WATCH: Attorney General Jeff Sessions Press Conference

Attorney General Jeff Sessions is holding a press conference Thursday afternoon to announce he will recuse himself from any investigation into the 2016 presidential election.

You can watch a live stream of the press conference above.

Sessions issued a statement about his decision:

During the course of the confirmation proceedings on my nomination to be Attorney General, I advised the Senate Judiciary Committee that ‘[i]f a specific matter arose where I believed my impartiality might reasonably be questioned, I would consult with Department ethics officials regarding the most appropriate way to proceed.’ During the course of the last several weeks, I have met with the relevant senior career Department officials to discuss whether I should recuse myself from any matters arising from the campaigns for President of the United States. Having concluded those meetings today, I have decided to recuse myself from any existing or future investigations of any matters related in any way to the campaigns for President of the United States. I have taken no actions regarding any such matters, to the extent they exist. This announcement should not be interpreted as confirmation of the existence of any investigation or suggestive of the scope of any such investigation.

Acting Deputy Attorney General Dana Boente, who is also the U.S. Attorney for the Eastern District of Virginia, will act as and perform the functions of the Attorney General “with respect to any matters from which I have recused myself to extent they exist,” Sessions said.

Boente, a career prosecutor in the Justice Department, was named Acting Attorney General after Sally Yates was fired. He served in that role until Sessions was confirmed.

Some Democrats have called for Sessions to resign. A former Senator from Alabama, Sessions was the first member of the Senate to endorse President Donald Trump. Sessions was a controversial nominee because of allegations of racism from his past, but he was confirmed to be the country’s top law enforcement official in February.

The calls for Sessions to recuse himself from the Russia investigation intensified Wednesday night and Thursday morning after the Washington Post reported that Sessions spoke to Russian Ambassador Sergey Kislayk twice last year and did not disclose those contacts during confirmation hearings to become attorney general.

One of the meetings took place in September in Sessions’ office during what U.S. intelligence officials have called cyber campaign by Russia to disrupt the U.S. presidential race, the Post reports. He was asked by Senator Al Franken, D-Minnesota, during a Judiciary Committee hearing on January 10 what he would do if he learned of evidence anyone affiliated with Trump’s campaign communicated with Russia.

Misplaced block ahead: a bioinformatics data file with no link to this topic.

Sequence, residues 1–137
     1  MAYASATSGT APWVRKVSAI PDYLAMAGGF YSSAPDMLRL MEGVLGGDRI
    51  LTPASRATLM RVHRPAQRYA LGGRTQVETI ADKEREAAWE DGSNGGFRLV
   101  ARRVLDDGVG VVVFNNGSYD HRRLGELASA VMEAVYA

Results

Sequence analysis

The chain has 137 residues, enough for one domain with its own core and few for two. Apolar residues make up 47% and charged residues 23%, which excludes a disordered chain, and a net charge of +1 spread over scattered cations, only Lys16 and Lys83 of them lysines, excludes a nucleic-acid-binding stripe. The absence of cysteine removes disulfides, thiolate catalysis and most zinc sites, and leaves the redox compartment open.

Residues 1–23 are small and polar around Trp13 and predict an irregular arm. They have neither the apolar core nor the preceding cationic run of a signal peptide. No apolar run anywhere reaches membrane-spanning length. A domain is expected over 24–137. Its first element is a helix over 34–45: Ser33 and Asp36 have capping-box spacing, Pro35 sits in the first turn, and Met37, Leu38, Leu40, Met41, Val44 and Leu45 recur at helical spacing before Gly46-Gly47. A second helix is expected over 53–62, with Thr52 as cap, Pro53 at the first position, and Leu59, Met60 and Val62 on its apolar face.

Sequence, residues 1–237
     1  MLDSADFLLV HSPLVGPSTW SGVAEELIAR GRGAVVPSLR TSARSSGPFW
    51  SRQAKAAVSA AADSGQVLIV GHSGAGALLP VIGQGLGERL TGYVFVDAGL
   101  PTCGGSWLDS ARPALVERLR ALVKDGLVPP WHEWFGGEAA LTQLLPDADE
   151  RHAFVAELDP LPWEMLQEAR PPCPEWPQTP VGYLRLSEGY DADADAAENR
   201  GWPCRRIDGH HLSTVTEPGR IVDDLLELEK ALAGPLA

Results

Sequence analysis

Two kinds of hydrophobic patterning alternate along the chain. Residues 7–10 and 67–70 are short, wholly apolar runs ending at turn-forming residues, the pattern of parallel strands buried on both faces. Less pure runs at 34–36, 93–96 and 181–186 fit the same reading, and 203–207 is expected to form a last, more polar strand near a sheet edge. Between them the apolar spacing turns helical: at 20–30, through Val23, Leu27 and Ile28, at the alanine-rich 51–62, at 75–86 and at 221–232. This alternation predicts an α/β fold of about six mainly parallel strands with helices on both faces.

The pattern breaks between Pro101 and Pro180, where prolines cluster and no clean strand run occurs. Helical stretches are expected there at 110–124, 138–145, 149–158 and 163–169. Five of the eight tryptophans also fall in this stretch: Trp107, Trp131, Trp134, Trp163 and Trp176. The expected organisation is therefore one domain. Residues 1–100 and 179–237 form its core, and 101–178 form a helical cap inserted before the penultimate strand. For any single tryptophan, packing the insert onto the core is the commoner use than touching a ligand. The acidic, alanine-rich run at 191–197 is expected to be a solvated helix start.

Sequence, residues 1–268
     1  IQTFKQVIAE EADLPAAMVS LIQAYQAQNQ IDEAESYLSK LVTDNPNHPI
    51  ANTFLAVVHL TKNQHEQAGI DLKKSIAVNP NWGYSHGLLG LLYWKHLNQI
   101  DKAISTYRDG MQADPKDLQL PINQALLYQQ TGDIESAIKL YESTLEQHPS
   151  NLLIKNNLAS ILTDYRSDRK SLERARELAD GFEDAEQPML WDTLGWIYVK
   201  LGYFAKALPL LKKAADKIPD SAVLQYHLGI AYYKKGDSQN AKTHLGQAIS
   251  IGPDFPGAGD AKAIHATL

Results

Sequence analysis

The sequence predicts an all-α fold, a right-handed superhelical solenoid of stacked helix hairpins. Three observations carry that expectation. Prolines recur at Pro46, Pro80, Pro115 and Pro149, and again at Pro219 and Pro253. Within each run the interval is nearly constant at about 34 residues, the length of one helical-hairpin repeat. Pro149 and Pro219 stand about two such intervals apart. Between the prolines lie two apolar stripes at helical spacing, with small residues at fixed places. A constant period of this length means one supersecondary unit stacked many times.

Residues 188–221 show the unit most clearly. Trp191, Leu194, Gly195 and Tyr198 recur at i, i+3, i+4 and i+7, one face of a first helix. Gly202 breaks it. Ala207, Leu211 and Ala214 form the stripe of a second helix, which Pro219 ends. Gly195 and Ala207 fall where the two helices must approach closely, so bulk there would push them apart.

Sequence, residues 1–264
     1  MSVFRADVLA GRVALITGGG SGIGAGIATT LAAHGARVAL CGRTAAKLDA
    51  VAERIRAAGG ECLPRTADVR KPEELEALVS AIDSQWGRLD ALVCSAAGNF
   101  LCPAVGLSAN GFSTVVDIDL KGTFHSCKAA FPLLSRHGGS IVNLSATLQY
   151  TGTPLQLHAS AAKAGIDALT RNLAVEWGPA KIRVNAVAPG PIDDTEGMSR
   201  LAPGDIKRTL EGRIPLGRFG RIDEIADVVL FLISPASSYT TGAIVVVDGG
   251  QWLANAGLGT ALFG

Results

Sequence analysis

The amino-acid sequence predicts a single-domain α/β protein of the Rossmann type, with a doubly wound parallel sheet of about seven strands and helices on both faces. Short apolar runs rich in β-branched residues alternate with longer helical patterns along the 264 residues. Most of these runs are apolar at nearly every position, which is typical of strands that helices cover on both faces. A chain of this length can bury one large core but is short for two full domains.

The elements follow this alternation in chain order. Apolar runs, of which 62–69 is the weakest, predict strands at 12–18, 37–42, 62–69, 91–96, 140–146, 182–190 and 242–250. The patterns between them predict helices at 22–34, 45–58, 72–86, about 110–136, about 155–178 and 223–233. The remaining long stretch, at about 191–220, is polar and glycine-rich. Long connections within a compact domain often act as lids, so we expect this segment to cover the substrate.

“I’m not aware of any of those activities,” he responded. He added: “I have been called a surrogate at a time or two in that campaign and I did not have communications with the Russians.”

He also responded to a written question from Vermont Senator Patrick Leahy, a Democrat, asking, “Several of the President-elect’s nominees or senior advisers have Russian ties. Have you been in contact with anyone connected to any part of the Russian government about the 2016 election, either before or after election day?” He responded, “no.”

Sessions is now overseeing the Justice Department and the FBI, which has been investigating the involvement of Russia in the election and possible ties between Russia and Trump’s campaign. He has previously resisted calls for him to recuse himself from the investigations.

On Thursday, he told NBC News, “I have not met with any Russians at any time to discuss any political campaign. And those remarks are unbelievable to me and are false. And I don’t have anything else to say about that.”

He also told the news network, “I have said whenever it’s appropriate, I will recuse myself. There’s no doubt about that.”

A spokesman for Sessions, Sarah Isgur Flores, said “there was absolutely nothing misleading about his answer,” because he was asked about “communications between Russia and the Trump campaign,” not about meetings he held in his role as a senator on the Armed Services Committee.

President Trump on Thursday stood by his attorney general.

“I don’t think so,” Trump said, when asked if Sessions should recuse himself. He said he “wasn’t aware of it at all,” when asked if he knew about Sessions’ contacts with the Russian ambassador.

Reporters also asked Trump if he thinks Session testified truthfully. “I think he probably did,” Trump responded.

He also said he has “total confidence” in Sessions.

Press Secretary Sean Spicer told reporters the question during the Judicial Committee testimony dealt with “his role as a campaign surrogate.” Spicer said the meeting was in his role as a U.S. Senator.

“He was literally conducting himself as a United States senator,” Spicer said. “This is what senators do. The question was about the campaign.”

Spicer said “there’s no there there.”